The Federal Government needs to also think of the benefits by way of tax that this model will bring to its purse – we are also convinced that a University system tweaked to work as a Private Entity will create jobs and opportunities for our teeming graduates but more importantly, it will create Innovators cum Entrepreneurs who also create jobs and employ people.

Whilst the very thought of a student loan might seem scary, the truth is that our tertiary educational system is at a precipice at the moment and we have to advocate for deep-rooted reforms that starts with our Federal Government divesting in a major way from the running of our University Education.

Along the line of these thoughts, our Federal Government can begin to sell and convert of its Polytechnics and Colleges of Education to these private entities, anyone seeking for specialized education as a Teacher or Technical Person can easily assess the newly set-up education and technical centres across our quasi-owned private-public universities – the current model of polytechnic and college of education system we have has outlived its purpose and they are no longer centres of excellence.Lastly, let’s imagine the impact having almost 20 private/public Universities in Lagos with an average of 30,000 students will have on the economy of that town or local government – the economic benefit will be massive and lifelong.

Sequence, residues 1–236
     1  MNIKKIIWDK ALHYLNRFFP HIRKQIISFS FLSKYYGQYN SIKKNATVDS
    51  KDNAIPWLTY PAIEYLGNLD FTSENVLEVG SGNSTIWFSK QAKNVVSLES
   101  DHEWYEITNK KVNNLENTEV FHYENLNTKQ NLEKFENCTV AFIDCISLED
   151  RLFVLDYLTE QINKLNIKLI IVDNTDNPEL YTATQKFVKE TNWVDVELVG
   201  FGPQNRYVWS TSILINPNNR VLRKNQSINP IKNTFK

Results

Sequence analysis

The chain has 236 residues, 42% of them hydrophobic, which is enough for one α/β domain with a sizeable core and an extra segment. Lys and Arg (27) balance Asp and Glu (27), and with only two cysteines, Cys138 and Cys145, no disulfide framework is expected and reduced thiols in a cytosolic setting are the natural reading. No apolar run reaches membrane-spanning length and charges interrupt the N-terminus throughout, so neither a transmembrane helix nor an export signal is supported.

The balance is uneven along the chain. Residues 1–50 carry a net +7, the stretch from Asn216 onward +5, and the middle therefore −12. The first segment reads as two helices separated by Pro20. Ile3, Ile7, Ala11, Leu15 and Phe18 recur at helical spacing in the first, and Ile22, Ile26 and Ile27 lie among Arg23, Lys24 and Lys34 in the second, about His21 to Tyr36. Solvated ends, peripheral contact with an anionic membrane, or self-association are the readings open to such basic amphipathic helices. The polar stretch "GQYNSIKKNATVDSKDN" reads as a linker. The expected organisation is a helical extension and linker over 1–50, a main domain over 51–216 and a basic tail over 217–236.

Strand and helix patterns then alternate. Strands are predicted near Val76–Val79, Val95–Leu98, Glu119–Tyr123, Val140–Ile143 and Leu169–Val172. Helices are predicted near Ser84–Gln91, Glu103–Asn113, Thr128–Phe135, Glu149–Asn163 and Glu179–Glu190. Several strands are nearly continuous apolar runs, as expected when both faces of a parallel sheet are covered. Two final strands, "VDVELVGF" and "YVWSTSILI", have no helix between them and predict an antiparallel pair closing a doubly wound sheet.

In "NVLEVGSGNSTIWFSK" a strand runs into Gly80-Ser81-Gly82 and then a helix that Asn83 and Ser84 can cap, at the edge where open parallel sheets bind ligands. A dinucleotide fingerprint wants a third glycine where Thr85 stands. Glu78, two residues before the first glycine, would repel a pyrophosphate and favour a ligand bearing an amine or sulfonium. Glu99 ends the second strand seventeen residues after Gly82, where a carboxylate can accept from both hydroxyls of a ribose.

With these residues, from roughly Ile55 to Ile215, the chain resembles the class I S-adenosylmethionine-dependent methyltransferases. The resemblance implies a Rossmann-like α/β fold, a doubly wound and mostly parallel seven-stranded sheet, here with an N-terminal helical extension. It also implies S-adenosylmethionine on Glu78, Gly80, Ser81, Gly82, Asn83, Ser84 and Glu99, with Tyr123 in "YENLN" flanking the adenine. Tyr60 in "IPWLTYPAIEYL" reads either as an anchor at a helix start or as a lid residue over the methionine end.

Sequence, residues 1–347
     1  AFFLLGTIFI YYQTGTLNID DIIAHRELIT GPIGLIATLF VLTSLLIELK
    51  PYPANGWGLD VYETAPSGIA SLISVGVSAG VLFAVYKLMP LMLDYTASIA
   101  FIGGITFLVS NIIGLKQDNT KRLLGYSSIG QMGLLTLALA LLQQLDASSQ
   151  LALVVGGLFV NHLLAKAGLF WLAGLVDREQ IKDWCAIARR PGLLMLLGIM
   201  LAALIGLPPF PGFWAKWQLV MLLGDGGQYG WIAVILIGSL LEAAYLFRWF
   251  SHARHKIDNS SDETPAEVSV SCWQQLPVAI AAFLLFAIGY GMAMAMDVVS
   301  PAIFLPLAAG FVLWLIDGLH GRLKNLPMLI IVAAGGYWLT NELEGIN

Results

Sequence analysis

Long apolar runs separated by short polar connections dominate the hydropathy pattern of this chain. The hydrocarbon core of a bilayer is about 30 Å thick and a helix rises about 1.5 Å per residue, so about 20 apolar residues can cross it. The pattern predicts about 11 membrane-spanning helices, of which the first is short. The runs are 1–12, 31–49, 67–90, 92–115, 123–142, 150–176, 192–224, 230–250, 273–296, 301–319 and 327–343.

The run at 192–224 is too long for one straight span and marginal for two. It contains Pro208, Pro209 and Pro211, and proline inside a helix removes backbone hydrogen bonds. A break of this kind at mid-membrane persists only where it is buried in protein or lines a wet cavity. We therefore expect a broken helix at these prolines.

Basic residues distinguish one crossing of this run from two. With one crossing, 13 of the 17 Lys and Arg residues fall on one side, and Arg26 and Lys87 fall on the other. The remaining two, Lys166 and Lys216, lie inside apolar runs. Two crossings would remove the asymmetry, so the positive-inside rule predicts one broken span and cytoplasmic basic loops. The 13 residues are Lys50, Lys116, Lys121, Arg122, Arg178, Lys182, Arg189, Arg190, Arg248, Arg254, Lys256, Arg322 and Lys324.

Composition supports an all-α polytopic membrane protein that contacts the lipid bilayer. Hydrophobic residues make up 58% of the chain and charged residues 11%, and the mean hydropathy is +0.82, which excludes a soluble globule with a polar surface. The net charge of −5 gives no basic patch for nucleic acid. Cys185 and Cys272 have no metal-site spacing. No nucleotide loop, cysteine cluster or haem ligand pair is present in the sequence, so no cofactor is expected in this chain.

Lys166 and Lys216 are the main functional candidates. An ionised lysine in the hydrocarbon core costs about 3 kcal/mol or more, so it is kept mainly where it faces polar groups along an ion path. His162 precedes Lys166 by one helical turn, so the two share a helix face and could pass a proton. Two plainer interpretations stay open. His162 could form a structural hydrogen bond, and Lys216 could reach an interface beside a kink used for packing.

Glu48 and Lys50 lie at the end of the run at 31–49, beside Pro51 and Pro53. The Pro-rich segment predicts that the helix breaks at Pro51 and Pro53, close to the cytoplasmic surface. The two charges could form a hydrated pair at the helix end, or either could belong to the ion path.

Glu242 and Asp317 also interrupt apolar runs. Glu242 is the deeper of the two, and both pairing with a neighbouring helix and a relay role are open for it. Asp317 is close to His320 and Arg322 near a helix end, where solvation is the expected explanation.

Our Private Universities and the standards they have set should be an eye-opener that this can work – it will impact on the quality of graduates Nigeria churns out. Will our Government ever summon the political will to make this happen?

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One thought on “ASUU Strike: Nigerian Federal Government Needs to Divest from Tertiary Education- Elda Kehinde Samuel

  1. Good thought, real investment is needed in the Nigerian educational sector. Students have to be capacitated with relevant skills to compete in today’s world. Research and development should be made priority in order to promote innovativeness and creative thinking amongst the Nigeria burgeoning youth population.